I found a brochure under the chair I was sitting on. I found a brochure under the chair on which I was sitting.

You probably prefer the first version of each sentence—the one ending in the preposition. (If you prefer the second version, that's fine too! It is also grammatical.)


Note that, in many cases, either version sounds fine. If so, use whichever sounds better for your purposes. The version ending in the preposition will sound a bit less formal, so use that if writing informally, and use the other version if writing more formally. For instance, either of these sentences is acceptable, but the latter would be a bit better in a formal paper:

Candidates should state the principles that their policies are based on. Candidates should state the principles on which they base their policies.

When Is It Better To Rephrase Sentences Ending In Prepositions?

Let's close by examining a few cases in which sentences that end in prepositions should be rephrased, even though they are grammatical. The location of the preposition is not really the problem, but it is often a symptom of a wordy construction earlier in the sentence. When the wordy construction is replaced with a more concise version, the resulting sentence usually does not end in a preposition.


Consider these sentences. Can you think of a way to write each in fewer words?

Roads and bridges were the main topics that the committee was focused on.
The three friends examined the room that they had just walked into.

Each sentence has a wordy clause (starting with "that"). This is often the case with sentences that end in prepositions. Such sentences are grammatical, but the "that" clauses can often be integrated into the sentences to make them more concise. For instance, the examples can be written instead as follows:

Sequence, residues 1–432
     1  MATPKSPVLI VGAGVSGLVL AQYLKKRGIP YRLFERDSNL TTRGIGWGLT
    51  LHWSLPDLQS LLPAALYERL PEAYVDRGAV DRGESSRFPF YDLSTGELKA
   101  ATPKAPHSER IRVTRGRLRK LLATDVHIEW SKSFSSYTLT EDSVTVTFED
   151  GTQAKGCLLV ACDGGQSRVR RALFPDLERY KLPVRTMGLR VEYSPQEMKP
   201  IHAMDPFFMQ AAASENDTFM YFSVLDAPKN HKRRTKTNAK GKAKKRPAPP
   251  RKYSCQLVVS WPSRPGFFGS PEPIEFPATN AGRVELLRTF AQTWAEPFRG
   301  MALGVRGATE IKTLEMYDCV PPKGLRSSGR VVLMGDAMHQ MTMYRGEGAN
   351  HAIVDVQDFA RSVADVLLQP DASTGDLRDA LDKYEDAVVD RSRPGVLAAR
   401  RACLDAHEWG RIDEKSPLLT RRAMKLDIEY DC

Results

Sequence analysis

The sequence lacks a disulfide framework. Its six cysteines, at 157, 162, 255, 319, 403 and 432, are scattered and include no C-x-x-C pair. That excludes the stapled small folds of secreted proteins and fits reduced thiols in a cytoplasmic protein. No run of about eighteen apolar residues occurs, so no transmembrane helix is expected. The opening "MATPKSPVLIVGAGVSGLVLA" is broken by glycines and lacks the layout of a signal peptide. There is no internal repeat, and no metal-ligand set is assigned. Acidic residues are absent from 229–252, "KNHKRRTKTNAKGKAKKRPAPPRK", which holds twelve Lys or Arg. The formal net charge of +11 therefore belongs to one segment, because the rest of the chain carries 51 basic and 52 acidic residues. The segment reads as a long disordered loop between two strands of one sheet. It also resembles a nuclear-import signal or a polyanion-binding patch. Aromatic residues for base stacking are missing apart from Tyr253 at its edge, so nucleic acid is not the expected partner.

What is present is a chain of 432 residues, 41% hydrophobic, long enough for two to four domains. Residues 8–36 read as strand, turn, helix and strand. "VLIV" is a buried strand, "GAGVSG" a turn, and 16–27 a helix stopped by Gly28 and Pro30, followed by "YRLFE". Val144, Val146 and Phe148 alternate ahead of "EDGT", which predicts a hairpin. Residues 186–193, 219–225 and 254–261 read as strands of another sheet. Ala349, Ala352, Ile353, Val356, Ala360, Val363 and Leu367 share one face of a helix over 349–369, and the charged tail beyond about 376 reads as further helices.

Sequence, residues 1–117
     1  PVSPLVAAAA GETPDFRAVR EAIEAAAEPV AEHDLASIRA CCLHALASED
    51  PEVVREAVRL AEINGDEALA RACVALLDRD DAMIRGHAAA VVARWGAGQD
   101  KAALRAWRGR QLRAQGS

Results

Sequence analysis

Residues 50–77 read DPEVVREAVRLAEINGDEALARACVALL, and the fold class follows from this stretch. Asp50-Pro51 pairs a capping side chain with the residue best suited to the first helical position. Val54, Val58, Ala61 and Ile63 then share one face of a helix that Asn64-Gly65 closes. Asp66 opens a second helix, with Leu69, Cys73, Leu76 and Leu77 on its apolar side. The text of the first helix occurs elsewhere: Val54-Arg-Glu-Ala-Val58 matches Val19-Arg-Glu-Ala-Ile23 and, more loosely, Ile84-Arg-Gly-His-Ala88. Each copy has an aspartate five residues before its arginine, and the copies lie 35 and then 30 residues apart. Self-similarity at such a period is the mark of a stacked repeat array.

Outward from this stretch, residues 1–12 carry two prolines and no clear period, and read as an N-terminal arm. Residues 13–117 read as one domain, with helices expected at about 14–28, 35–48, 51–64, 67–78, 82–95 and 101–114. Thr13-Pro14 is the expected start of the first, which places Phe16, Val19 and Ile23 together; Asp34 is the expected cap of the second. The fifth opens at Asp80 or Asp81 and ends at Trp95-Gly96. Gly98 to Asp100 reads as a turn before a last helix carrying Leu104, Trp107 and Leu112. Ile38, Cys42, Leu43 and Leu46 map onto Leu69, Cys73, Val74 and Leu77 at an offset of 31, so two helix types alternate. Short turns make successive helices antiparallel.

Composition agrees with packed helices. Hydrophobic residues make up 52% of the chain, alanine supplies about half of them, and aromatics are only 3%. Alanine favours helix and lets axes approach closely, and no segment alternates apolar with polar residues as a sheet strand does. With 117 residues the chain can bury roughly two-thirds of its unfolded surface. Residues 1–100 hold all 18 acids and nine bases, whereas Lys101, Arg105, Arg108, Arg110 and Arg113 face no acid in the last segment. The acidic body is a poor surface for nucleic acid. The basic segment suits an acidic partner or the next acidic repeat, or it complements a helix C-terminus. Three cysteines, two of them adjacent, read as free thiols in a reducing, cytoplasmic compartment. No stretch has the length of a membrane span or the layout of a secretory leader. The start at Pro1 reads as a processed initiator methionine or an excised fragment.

The committee focused on roads and bridges.
The three friends walked into the room and examined it.

These versions have slightly different focuses than the originals, but the meanings are essentially the same, and they are noticeably shorter and easier to read. When you end a sentence in a preposition, I'd recommend trying to restructure the sentences in this way. If you can find a more concise version that still communicates your intent, then use it.


I hope that this post has been helpful. Please let me know if you have any questions about how to use prepositions or about whether a sentence should be rephrased. I'm always happy to help. And, of course, if you would rather not worry about such issues in your writing, Elevation Editing would be happy to take care of that for you. Thank you for reading!


* Some prepositions can be other parts of speech. Notably, "to" is often used with a verb in what is called an "infinitive" (as in "I want to eat pizza"). Some prepositions (e.g., "on," "up," "along," "through," and "over") are also adverbs (as in "The lake was small, so they swam across"; here, "across" modifies the verb "swam"). A few others (e.g., "before," "after," and "since") are also conjunctions (as in "Jon was hungry, for he had not eaten all day"; "for" connects two complete thoughts). Ending a sentence with an adverb is usually fine, but ending one with a conjunction is ungrammatical, as a clause must always follow a conjunction.